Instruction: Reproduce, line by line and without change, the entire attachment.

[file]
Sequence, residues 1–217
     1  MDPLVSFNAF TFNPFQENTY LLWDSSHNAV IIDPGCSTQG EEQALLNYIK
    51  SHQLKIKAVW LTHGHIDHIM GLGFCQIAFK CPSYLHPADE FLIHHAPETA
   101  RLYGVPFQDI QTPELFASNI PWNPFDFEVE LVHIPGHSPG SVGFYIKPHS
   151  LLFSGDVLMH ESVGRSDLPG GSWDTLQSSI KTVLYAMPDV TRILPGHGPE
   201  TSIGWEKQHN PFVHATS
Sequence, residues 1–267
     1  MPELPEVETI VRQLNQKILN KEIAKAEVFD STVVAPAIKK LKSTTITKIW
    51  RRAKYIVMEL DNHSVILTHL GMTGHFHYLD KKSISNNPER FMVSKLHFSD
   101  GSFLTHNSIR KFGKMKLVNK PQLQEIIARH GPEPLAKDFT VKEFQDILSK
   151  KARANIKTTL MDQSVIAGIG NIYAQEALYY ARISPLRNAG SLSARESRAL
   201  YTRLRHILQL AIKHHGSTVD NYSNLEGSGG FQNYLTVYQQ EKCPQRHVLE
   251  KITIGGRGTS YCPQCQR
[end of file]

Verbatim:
Sequence, residues 1–217
     1  MDPLVSFNAF TFNPFQENTY LLWDSSHNAV IIDPGCSTQG EEQALLNYIK
    51  SHQLKIKAVW LTHGHIDHIM GLGFCQIAFK CPSYLHPADE FLIHHAPETA
   101  RLYGVPFQDI QTPELFASNI PWNPFDFEVE LVHIPGHSPG SVGFYIKPHS
   151  LLFSGDVLMH ESVGRSDLPG GSWDTLQSSI KTVLYAMPDV TRILPGHGPE
   201  TSIGWEKQHN PFVHATS
Sequence, residues 1–267
     1  MPELPEVETI VRQLNQKILN KEIAKAEVFD STVVAPAIKK LKSTTITKIW
    51  RRAKYIVMEL DNHSVILTHL GMTGHFHYLD KKSISNNPER FMVSKLHFSD
   101  GSFLTHNSIR KFGKMKLVNK PQLQEIIARH GPEPLAKDFT VKEFQDILSK
   151  KARANIKTTL MDQSVIAGIG NIYAQEALYY ARISPLRNAG SLSARESRAL
   201  YTRLRHILQL AIKHHGSTVD NYSNLEGSGG FQNYLTVYQQ EKCPQRHVLE
   251  KITIGGRGTS YCPQCQR